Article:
The On Leong Merchants Association, a prominent tong society, moved to a new headquarters on H Street, a neighborhood that was predominantly German. Tongs, although sometimes associated with criminal activity, were primarily formed by Chinese immigrants as mutual aid networks providing services to fellow Chinese immigrants, especially in the face of systemic discrimination, language barriers, and racism. This neighborhood between 5th and 8th Streets and H and I Streets is where Chinatown is today. It’s also the Chinatown depicted in Harry Chow’s photos.
The Capital One Arena
Different former residents have differing theories on Chinatown’s downfall, but all of them are economic and related to the development of the sports/entertainment complex formerly known as both MCI Center and Verizon Center, and now as the Capital One Arena. It broke ground in October 1995 and was completed in December 1997.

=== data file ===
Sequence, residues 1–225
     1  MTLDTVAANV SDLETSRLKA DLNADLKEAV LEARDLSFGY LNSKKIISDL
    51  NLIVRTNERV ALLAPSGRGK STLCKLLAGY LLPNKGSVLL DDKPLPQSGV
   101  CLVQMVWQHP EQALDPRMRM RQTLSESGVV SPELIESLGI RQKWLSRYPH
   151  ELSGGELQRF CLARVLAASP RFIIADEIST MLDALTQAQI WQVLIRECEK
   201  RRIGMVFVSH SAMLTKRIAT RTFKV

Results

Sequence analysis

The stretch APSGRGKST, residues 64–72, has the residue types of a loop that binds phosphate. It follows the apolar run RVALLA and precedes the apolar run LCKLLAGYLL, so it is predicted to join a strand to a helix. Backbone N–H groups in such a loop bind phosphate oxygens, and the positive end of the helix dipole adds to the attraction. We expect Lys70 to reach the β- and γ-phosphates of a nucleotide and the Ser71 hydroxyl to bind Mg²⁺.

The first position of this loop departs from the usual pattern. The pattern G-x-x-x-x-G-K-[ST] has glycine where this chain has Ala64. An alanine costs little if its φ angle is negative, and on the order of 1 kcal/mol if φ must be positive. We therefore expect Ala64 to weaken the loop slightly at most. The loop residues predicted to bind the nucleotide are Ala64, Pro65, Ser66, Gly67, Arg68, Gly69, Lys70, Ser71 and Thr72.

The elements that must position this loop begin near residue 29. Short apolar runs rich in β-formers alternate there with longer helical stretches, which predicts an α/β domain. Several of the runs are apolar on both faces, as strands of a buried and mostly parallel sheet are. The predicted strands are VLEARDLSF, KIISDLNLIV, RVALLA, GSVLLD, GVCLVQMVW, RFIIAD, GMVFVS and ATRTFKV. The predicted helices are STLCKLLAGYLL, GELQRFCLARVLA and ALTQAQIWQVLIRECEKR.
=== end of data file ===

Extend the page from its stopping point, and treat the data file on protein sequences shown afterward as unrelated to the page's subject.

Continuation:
“To live in DC and watch it degrade and not have any say in how things turn out is very disappointing,” says Richard Wong, former Chinatown resident who has seen it decline over the years and recalls going to meetings about the stadium development with other Chinatown leaders and business owners. He is currently a volunteer with several community organizations including the 1882 Foundation, a community organization that convenes around storytelling, building cultural awareness, and preservation of Chinese American culture.
Wong’s parents were Chinese immigrants who came over in the 1940s-50s. He was born in the US, grew up in New York, and went to the University of Maryland. He decided to stay and he became an economist who worked at various government agencies. But outside of his day job, he became a leader at the On Leong Merchant Association and other Chinatown community organizations.
“I can go to any Chinatown on this earth and feel like I was home. Chinatown is home no matter where I am,” said Wong.